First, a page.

This course is intended to help federal law enforcement personnel understand what racial profiling is, the results of racial profiling, and how to achieve race neutrality. It offers a concise explanation of the Department of Justice’s Guidance on Racial Profiling and cites the DHS memo referencing this Guidance for DHS personnel. The course discusses racial profiling in the context of traditional law enforcement activities, such as traffic stops, and in the context of national security and border integrity (border patrol and immigration activities). The course is intended for federal law enforcement personnel but is also useful for state and local law enforcement. The course is designed for individual users and contains periodic “knowledge checks” test the user’s learning.
This course provides a broad overview of how the ISE was developed and the various agencies and functions involved at the state, regional, and federal levels. It includes a look at the legislative and policy “building blocks” of the ISE. The course includes some discussion of developing and implementing Privacy Guidelines for fusion centers and it discusses key interagency and intergovernmental efforts to promote terrorism information sharing. Real-life scenarios provide examples of the function and capabilities of the ISE. Interspersed with “reflective questions,” the course can be used for individual training or as a group presentation. In a group setting, the questions can be used to guide discussion. The course includes a document library and a short glossary. A course completion certificate is available.
Duration: About 30 minutes for an individual.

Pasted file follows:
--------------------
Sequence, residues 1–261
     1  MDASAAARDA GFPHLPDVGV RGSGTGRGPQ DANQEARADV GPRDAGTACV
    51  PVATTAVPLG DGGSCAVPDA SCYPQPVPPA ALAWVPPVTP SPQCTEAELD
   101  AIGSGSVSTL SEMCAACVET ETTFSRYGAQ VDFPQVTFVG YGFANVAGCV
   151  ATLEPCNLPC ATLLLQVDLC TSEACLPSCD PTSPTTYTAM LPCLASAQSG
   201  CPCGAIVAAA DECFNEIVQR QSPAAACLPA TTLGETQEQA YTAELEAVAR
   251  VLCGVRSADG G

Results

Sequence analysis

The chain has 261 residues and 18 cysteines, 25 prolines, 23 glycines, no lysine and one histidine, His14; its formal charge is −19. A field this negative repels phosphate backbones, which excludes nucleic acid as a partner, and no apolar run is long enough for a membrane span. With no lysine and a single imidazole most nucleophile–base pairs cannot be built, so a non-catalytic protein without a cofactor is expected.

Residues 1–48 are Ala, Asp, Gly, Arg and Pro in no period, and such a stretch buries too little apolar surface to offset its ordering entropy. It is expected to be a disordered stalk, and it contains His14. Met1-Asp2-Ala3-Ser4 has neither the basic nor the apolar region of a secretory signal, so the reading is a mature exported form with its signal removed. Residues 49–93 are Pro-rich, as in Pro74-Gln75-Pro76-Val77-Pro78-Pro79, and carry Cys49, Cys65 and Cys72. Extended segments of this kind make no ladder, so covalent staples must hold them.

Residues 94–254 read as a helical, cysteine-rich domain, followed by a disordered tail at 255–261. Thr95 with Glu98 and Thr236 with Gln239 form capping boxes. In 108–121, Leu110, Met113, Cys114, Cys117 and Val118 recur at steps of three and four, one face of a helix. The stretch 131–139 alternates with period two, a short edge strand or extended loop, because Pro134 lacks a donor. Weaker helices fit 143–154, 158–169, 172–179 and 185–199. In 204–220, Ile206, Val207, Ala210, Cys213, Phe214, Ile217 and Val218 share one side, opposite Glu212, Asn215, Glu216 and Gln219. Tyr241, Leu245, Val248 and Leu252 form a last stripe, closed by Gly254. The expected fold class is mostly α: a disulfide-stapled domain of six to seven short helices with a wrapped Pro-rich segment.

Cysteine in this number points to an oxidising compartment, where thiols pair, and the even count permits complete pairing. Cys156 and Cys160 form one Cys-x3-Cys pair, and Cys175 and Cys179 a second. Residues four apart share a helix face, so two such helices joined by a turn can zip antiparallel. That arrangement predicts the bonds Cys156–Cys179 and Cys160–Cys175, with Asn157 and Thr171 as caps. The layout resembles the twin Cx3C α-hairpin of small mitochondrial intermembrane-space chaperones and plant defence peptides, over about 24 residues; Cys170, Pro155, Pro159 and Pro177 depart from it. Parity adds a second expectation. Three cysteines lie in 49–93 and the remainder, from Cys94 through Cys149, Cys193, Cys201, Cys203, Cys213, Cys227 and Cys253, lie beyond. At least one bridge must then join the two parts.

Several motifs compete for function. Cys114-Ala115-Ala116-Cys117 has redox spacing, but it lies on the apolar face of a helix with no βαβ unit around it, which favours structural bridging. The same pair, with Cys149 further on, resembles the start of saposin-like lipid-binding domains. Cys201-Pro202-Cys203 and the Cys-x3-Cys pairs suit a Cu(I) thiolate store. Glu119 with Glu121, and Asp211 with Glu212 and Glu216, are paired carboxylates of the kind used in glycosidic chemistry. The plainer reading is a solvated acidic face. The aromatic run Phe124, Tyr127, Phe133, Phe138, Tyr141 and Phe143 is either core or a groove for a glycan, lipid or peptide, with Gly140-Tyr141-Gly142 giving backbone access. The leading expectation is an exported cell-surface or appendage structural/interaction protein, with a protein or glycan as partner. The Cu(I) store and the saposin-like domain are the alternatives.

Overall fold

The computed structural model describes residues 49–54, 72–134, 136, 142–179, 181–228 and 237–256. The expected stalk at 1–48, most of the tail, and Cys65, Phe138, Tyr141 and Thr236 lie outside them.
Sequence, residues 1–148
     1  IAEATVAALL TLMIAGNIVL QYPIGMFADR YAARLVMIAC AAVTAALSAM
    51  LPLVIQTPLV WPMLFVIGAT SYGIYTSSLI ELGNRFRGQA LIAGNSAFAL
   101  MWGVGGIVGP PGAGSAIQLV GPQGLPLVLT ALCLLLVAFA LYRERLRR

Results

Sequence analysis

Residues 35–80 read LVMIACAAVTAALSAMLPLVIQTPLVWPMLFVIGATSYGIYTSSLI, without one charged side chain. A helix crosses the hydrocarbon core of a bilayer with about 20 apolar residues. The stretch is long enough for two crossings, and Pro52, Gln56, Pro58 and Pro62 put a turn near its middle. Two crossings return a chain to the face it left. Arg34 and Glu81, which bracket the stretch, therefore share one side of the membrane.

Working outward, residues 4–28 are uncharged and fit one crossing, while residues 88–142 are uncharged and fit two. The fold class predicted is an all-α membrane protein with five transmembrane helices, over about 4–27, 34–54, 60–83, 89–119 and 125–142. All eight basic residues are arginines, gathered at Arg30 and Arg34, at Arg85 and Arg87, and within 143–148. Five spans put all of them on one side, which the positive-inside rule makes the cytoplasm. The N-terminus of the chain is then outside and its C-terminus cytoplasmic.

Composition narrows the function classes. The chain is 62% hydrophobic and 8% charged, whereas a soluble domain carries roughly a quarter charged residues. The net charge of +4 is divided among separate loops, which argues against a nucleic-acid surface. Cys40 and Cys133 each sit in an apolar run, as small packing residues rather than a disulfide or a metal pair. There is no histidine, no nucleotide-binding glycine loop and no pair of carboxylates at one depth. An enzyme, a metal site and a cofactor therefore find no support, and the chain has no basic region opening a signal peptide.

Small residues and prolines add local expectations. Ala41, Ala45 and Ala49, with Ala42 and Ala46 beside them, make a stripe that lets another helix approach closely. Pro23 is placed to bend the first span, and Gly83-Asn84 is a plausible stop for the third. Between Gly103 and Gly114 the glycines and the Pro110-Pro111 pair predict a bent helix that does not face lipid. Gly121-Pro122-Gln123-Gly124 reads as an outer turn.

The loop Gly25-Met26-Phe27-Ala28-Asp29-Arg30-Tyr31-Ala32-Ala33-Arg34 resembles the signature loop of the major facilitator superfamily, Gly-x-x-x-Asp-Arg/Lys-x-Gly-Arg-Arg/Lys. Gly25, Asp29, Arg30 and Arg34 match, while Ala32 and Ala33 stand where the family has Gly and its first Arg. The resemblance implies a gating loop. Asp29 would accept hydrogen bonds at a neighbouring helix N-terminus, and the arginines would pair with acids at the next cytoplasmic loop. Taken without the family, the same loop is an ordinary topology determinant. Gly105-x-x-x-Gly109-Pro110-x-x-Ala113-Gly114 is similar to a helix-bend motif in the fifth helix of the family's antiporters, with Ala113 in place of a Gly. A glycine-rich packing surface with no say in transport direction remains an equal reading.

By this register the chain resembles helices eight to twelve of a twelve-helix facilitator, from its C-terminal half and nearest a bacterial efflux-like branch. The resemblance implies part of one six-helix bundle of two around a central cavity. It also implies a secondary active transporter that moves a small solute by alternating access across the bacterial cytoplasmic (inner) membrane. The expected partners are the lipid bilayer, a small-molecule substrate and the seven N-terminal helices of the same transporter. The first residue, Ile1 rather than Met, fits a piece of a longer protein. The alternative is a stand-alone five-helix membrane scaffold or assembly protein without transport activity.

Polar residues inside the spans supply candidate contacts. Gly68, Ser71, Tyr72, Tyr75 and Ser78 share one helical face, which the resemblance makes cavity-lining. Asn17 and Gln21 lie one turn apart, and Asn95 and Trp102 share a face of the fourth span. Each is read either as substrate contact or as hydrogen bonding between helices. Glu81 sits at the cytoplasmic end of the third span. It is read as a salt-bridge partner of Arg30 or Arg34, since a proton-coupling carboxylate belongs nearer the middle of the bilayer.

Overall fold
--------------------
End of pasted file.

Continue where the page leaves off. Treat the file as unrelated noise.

The First Three to Five Seconds: Arab and Muslim Cultural Awareness for Law Enforcement
This post-9/11 course is intended to help law enforcement personnel understand the culture of Arab and Muslim Americans and to help them distinguish the differences between a cultural norm and a threat in a non-crisis situation. Topics include eye contact, why an individual’s name may differ among documents, background on Islam in America, and tips on visiting a mosque, interviewing, or searching Muslims. The video is presented in two sections, one on Arab Americans and one on Muslim Americans, which may be viewed separately as part of role call training. Although it is primarily intended for law enforcement personnel, the information presented is helpful for anyone who wants to know more about Arab American and Muslim American viewpoints. The video was produced by the U.S. Department of Justice Community Relations Service and is available via the Department of Homeland Security’s Office for Civil Rights and Civil Liberties’ Civil Liberties Institute website. The site also offers a transcript and limited resources and glossary.
Duration: approximately 10 minutes in two 5 minute segments